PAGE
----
A chat with Joel Gratz, OpenSnow founder and chief meteorologist

By Wendy Clinch •  Updated: 09/10/19 •  5 min read

Now that it’s post-Labor Day, you can’t shake a stick without seeing a forecast for the coming ski season. NOAA, Farmer’s Almanac, The Weather Channel, Accuweather…these are only a few; there are tons of predictions around.  And though all of us would love to know exactly what the coming winter will bring, I’m filled with questions. How accurate are these forecasts? What can I expect in the season ahead? And more importantly, WILL IT SNOW?

Joel Gratz of OpenSnow.com

So I thought I’d talk to someone who’s an expert in the field: Joel Gratz, founder and chief meteorologist of OpenSnow.com,. Headquartered in Boulder, Colorado, OpenSnow is made up of a group of meteorologists who are lifelong skiers and riders. During the winter they put out daily snow updates, mountain-specific forecasts, and snow reports to help you plan your ski trips. More than two million skiers and riders turn to OpenSnow, so I thought I would, too.

SD: So Joel, tell me about yourself. What’s your background? How did you decide to become a meteorologist and how did you decide to focus on winter weather?
JG: My parents took me skiing at Shawnee Mountain in eastern Pennsylvania when I was 4 years old, and apparently I loved it. So I became obsessed with watching weather patterns to know when snow and cold air were heading our way. In elementary school, I know I wanted to be a meteorologist when I grew up.

SD: When and why did you start Open Snow?
JG: After graduating with a degree in meteorology from Penn State, I moved to Boulder, Colorado, for graduate school and worked to learn how to forecast powder days for myself and my friends. In 2007, I put together a small email list of my friends and messaged them weekly with a forecast about when to find the best snow. This email newsletter was shared, grew, and in 2010 I left my full-time job to begin working on OpenSnow full time.

SD:Do you believe in long-range winter forecasts? If not, why not, and if so, what should we expect for this winter?
JG: Forecasts for temperature and precipitation 3 to 6 months into the future are rarely accurate. And even if one forecasting outlet does produce an accurate forecast one year, it’s even rarer for the forecast to be correct year after year after year. Also, even if a 3 to 6 month forecast was correct, it only provides a general idea of precipitation patterns and cannot tell you which week or even which month will bring the best snow. I find 3 to 6 month forecasts fun to look at but I do not make travel decisions based on these predictions.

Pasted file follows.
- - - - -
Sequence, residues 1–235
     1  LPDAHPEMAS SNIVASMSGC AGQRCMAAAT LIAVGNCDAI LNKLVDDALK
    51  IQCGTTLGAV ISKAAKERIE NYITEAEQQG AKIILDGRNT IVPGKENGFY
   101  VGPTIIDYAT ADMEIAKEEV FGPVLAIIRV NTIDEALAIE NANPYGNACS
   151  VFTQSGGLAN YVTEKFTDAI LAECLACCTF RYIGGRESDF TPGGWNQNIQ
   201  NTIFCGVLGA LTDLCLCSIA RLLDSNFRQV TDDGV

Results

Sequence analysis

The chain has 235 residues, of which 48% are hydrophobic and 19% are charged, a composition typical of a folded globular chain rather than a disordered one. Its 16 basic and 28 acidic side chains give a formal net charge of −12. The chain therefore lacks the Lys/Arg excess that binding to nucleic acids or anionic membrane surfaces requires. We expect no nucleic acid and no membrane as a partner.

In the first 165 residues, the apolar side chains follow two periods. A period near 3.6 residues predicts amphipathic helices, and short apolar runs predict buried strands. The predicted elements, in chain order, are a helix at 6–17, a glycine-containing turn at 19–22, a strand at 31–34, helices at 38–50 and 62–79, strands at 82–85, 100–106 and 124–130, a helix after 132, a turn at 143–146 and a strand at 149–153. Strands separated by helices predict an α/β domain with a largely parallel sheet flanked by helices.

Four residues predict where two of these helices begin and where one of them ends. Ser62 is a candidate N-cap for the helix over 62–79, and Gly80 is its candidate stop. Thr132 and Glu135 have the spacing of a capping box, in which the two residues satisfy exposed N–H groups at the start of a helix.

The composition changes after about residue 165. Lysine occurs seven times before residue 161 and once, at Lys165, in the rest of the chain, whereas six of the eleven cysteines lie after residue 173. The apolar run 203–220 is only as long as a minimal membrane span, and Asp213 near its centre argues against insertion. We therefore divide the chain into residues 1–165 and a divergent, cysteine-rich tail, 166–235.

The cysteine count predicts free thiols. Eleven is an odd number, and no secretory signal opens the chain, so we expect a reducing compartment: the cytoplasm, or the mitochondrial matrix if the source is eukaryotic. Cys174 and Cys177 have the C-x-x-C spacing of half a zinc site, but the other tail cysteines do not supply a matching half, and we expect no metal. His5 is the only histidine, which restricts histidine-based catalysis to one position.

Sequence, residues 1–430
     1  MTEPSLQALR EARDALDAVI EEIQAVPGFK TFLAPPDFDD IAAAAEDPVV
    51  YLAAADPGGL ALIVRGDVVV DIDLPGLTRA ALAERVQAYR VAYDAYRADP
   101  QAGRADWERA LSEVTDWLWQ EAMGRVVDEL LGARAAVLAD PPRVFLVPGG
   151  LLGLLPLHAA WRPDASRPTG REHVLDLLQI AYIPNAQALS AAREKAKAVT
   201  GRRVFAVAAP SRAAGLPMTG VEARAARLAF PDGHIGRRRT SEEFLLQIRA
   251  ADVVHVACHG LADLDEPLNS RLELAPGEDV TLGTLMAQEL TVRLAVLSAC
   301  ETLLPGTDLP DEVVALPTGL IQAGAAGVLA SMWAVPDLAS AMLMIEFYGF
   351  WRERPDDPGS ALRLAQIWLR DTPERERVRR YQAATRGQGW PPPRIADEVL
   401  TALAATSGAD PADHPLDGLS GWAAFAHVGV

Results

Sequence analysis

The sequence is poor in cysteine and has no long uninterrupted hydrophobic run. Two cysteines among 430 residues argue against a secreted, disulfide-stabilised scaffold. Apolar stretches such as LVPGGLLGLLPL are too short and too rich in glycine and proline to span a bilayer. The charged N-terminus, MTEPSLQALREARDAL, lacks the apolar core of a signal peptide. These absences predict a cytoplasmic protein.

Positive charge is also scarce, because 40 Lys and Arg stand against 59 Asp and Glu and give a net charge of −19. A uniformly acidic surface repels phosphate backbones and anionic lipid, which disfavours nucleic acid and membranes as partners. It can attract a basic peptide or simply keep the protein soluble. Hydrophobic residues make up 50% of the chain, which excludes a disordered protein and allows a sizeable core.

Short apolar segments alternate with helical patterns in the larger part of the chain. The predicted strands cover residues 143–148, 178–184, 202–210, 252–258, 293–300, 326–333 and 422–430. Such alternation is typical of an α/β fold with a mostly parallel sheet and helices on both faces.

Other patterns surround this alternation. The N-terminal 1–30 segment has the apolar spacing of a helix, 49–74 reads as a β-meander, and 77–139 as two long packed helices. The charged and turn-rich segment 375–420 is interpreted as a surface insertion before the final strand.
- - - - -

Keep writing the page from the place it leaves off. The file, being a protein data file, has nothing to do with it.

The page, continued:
SD:What’s the hardest part about forecasting? Does winter forecasting offer particular challenges?
JG: Every storm has its unique tricks. The thing that makes snow forecasting challenging in big mountains is that the computer forecast models do not handle the mountains very well. So it takes some local knowledge, based on past experience, to know when certain storm setups will favor certain areas.

SD:How far out is it reasonable to expect a fairly reliable forecast?
JG: About 7 to 10 days out we can tell if there might be a storm in the area. About 4 to 6 days out there is some confidence in the timing and strength of the storm. And around 1 to 3 days out is when the predictions for snow amounts usually become more trustworthy.

SD:What sources do you use to assemble your forecast?
JG: I look at between 4 to 10 computer weather models, and for each model, I might look at 1 to 10 different parameters (temperature, wind speed, wind direction, etc). It sounds overwhelming, but after doing this for a decade, there is efficiency that comes from the consistent routine that I go through each morning.

SD:Is climate change making weather forecasting more difficult? If so, how?
JG: No. A changing climate does not change the basic physical laws that govern the atmosphere, which is what the 1 to 10 day forecast models are based upon.

SD: Do people complain to you about the weather? 
JG: Sometimes. I’ve learned to keep an even head and not get too excited or too depressed no matter what I see in the forecast. Okay, well, that’s not entirely true. If I see a high chance of big powder days, I get pretty darn excited.

Joel Gratz in the pow

SD: How far in advance do YOU plan your ski trips?
JG: For any trips in the western US, I usually do not plan more than a few days out, or at most about 7 to 10 days out. Sometimes, along with my family and friends, we have bigger trips planned to Canada or Japan, and these need to be worked out months in advance. In those situations, I become super nervous as we get to within a few weeks of the trip and begin to check the 1 to 2 week forecast models multiple times per day, even though there’s nothing I can do to change the outcome. I get the sense that others who are addicted to skiing powder experience the same emotions.

SD: Okay, so in spite of what you said about long range forecasts, I’m going to go out on a limb here and ask: What do YOU think will happen in the winter ahead? And more importantly, WILL IT SNOW??
JG: It will snow. There will be powder. People will be both happy at times, and at times they will be mad that it’s not snowing more. That’s the only safe winter forecast!


BTW, if you want to know if anyone accurately predicted the 2018-2019 winter season, take a look at OpenSnow meteorologist Bryan Allegretto’s article on that very subject.

Fingers crossed for a great winter!

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